I don't mean to interupt LittleOldMans inquiries, but on the topic of the general legitimacy of most of these claims , I guess there is 2 things that makes me wonder ...

The first is that if people are in fact descendents , and their ancestry is recent enough to have had a real effect on their families, it seems like these people would usually be able to find relatives within a federally recognized Native community.

That would seem to be the best way to make a connection.
 
I guess it is different in different places, but the other thing that makes me wonder is I have always found Native people to be so open and welcoming my main concern has been seeing this taken advantage of, and not that anyone is being unfairly left out. I have seen some hesitancy towards people making doubtful claims , but unless there is something outrageously overblown or impossible in these claims , as far as i have seen , the uncertainty about these people has always appeared to be expressed respectfully , and is nothing more than a degree of  healthy skepitsm.

And there does seem to be a good reason for keeping people who have an exagerated sense of entitlement at a distance. I really doubt that supporting these already obnoxious people would help them to be more realistic or respectful of a tribes boundaries.

I can also understand why the tribes that have managed to survive are hesitant to formally include descendents - even when they appear to be concerned for the welfare of the tribe.

One of the things I have repeatedly seen get acted out on this message board is how people get involved seeming to care about the issues, but it quickly becomes obvious what they really care about is promoting themselves and a political agenda which serves distant descendents or people making bogus claims to be NDN. Just in discussions in cyberspace that can be annoying , but in a serious real life struggle, with friends like that - who needs enemies... 

If in some areas people are noticing tribal people are becoming less welcoming to distant relatives , I would guess that having to deal with more and more people like this would be a contributing factor.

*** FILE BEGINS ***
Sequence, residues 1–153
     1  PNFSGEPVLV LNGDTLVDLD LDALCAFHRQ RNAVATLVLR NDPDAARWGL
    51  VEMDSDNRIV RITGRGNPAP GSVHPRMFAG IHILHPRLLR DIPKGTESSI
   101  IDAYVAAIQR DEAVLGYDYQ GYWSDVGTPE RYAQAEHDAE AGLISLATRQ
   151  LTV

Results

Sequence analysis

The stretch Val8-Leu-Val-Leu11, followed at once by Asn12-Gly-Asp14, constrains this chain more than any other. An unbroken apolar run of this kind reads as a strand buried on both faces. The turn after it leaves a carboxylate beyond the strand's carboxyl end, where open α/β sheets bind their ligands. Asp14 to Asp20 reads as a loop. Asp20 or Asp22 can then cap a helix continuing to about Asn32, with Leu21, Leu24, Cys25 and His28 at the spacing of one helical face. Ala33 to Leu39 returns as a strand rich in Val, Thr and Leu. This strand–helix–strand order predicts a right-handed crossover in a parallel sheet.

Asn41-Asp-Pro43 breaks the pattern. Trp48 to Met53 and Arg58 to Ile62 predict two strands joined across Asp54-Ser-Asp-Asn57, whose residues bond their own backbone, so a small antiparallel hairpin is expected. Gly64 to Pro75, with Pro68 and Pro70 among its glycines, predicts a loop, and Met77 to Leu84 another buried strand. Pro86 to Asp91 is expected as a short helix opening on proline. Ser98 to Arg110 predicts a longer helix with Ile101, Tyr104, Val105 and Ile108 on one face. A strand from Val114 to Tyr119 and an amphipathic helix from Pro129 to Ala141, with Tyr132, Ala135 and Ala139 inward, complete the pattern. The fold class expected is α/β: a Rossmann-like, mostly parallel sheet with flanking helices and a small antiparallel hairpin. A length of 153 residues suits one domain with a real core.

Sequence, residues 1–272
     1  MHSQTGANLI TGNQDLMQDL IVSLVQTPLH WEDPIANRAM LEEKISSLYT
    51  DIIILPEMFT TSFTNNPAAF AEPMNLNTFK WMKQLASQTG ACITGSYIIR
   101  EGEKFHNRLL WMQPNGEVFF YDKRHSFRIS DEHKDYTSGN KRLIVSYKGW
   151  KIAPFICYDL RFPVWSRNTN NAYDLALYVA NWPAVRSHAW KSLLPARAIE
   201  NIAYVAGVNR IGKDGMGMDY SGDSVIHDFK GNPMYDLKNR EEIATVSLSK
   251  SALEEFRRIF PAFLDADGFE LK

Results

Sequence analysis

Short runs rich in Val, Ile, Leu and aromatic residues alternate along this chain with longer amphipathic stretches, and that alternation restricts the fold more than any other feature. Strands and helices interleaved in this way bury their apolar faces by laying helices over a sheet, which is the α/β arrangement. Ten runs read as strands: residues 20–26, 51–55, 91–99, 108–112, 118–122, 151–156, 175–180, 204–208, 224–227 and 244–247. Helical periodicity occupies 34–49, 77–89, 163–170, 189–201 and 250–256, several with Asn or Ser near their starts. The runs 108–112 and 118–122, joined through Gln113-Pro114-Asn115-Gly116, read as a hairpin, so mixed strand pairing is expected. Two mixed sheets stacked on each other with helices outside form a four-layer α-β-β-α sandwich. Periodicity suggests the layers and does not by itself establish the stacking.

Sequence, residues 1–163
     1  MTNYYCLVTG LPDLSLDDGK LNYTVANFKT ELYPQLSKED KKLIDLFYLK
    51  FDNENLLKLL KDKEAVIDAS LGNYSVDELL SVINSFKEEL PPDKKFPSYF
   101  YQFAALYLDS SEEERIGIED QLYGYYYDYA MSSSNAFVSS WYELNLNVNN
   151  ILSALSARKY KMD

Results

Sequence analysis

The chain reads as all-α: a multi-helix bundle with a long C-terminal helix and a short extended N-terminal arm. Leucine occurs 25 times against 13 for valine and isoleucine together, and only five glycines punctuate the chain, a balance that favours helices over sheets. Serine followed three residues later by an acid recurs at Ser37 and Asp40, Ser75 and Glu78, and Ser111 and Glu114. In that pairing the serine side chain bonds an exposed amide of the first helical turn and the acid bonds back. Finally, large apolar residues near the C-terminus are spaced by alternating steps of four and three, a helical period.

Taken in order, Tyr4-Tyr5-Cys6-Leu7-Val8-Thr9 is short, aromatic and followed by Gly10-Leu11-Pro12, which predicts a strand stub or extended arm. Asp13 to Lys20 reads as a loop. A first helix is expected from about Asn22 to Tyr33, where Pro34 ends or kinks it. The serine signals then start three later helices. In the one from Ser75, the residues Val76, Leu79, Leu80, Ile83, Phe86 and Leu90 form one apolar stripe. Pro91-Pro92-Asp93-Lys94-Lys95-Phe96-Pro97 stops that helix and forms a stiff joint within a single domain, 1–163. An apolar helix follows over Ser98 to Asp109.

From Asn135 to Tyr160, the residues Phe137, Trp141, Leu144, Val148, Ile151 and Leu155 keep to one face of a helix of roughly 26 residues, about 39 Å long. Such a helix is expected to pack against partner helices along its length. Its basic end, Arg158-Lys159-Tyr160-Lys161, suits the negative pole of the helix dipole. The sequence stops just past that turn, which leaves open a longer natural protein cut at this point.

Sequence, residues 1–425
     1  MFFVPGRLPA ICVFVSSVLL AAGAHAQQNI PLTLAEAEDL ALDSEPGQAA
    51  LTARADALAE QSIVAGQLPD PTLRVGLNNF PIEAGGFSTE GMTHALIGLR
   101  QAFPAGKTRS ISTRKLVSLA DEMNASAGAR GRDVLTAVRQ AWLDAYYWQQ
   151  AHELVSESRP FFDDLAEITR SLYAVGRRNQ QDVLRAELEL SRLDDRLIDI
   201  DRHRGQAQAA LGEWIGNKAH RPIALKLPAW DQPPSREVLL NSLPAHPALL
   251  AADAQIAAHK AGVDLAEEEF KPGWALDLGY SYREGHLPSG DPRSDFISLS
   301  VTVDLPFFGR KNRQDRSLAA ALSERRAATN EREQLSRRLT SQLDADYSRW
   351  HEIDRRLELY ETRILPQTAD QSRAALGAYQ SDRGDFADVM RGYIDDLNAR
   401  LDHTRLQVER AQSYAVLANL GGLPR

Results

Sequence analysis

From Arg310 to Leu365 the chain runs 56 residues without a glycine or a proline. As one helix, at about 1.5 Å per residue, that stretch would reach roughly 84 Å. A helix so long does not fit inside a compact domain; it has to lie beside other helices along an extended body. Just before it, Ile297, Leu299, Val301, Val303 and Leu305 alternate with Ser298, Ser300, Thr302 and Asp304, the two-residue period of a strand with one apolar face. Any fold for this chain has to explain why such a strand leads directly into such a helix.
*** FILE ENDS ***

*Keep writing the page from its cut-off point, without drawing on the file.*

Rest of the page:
There was a time when I also believed there was probably a lot of familes that had hidden their Native ancestry, and descendents of these families now were having a hard time proving this. Recent DNA studies have caused me to rethink this...

mtDNA only shows the origins of a persons matrilineal line ( the female version of the patrilineal line that passes on the surname ). While this doesn't prove or disprove the entire ancestry of any ancestor, it does provide a small window to objectively examine the general nature of these claims, and people with a story that great grandma was an Indian vastly outnumber people who's mtDNA shows great grandma's matrilineal line originated on this continent.

In the link below is several pages of people reporting the origins of their matrilineal line as shown by DNA testing, and what they had previously heard about their matrilineal line.
 
http://www.kerchner.com/cgi-kerchner/mtdna.cgi

I am not including people in South America , in what I am saying here, as this population has a generally large amount of Native descent.

Just on this first page , 12 of the people of North American descent who reported being told their matrilineal line was American Indian  , also reported finding this line originated in Europe.

This compares to at most 1 or 2 people who confirmed an indigenous matrilineal line which was not already well documented.

I have seen this pattern repeat in other reports of DNA results, and I would guess that these reported results don't include a lot of people who believed they had an indigenous matrilineal line and who got European results- as some of these people would probably not want to admit the family story wasn't true .

What is really striking, is although there is a few people who found a previously unheard of African matrilineal line, I have yet to see one person who was not adopted , report a previously unheard of indigenous matrilineal line!!!!

If even a small percentage of the stories about people hiding their Native ancestry were true, I would expect a substanial number of people to be reporting their matrilineal line was unexpectedly found to originate on this continent. People reporting finding a hidden Native ancestor are pretty much non existent.

To put this another way, if a family had a story one of their ancestors in a small town of 10 families, was a large family surnamed Jack, normally there would be quite a few families in the small town who would inherit this surname. 

Because the large majority of stories are not supported by DNA evidence, I think Black Wolf's skepism about many of these claims is justified and reasonable.  So between this and people who are descendents with exagerated sense of entitlement , I can see where integrating these people would be a real  problem.
« Last Edit: November 02, 2009, 05:40:07 pm by Moma_porcupine »

Offline BlackWolf

  • Posts: 504
Re: Federally Recognized Indians, Descendants, Wannabees and Exploiters